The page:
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A.Word.A.Daywith Anu Garg
When you receive an invite to a new exhibit do you pencil it in your calendar or skip it just because they called it an “invite” instead of an “invitation” and “exhibit” instead of an “exhibition”?
When a TV soap opera finally reveals who is going to end up with whom, do you wish they called it a “revelation” instead of a “reveal”?
Do you wonder if it’s too much to ask the new generation to use the language properly instead of twisting words every which way? Put another way, is it too big of an ask?
Here’s some history:
The words “invite”, “reveal”, and “exhibit” have been in use as nouns for 400 years or more. And the word “ask” has been in use as a noun for more than a thousand years.
Welcome to the inconsistent world of human languages. Some words cross boundaries into other parts of speech and become acceptable in short order. Others, even after hundreds of years, raise the hackles of purists. One way to think of this is: If it’s OK to use the words “demand” and “request” as verbs and nouns, why not the word “ask”? All three started out as nouns and became verbs in short order.
Verbing of nouns (and nouning of verbs) has been going on for a long time. This week we’ll see five nouns that have also become verbs.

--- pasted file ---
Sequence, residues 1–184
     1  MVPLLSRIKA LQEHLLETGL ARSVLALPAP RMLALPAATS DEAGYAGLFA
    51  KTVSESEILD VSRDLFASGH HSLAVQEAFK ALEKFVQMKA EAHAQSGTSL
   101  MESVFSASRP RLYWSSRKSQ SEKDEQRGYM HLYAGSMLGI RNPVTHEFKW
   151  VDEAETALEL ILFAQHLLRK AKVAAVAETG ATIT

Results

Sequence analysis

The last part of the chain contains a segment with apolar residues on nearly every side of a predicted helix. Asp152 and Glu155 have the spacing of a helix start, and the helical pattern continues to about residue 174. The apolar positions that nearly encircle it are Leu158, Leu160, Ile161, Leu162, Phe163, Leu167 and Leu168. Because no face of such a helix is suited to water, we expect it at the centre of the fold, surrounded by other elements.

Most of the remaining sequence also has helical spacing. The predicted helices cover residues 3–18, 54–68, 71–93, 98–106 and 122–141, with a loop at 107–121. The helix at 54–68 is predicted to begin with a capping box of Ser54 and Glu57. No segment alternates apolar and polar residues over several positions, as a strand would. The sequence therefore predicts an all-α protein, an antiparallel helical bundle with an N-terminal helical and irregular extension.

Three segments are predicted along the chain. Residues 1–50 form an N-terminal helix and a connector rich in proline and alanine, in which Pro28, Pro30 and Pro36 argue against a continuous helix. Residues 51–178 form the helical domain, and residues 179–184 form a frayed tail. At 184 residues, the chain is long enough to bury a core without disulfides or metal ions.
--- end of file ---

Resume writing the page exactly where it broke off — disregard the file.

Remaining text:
PS: In Antony and Cleopatra Shakespeare has Cleopatra say to a messenger: “I’ll unhair thy head.” Give it a think. And look for Shakespeare to make an unexpected appearance later this week.
verb intr.: To seek attention by showy, flamboyant behavior; to show off.
noun: One who seeks attention in such a way; a show-off.
After riverboats, with onboard theater and troupes of actors, that stopped at towns along the river to offer entertainment. Earliest documented use: 1839.
“One club official quipped he didn’t realise it was an exhibition match as Bradley Walker showboated in midfield.”
Nick Loughlin; Walker Adds to His Classic Collection; Northern Echo (Darlington, UK); Mar 17, 2014.
See more usage examples of showboat in Vocabulary.com’s dictionary.
A THOUGHT FOR TODAY:What can be added to the happiness of a man who is in health, out of debt, and has a clear conscience? -Adam Smith, economist (5 Jun 1723-1790)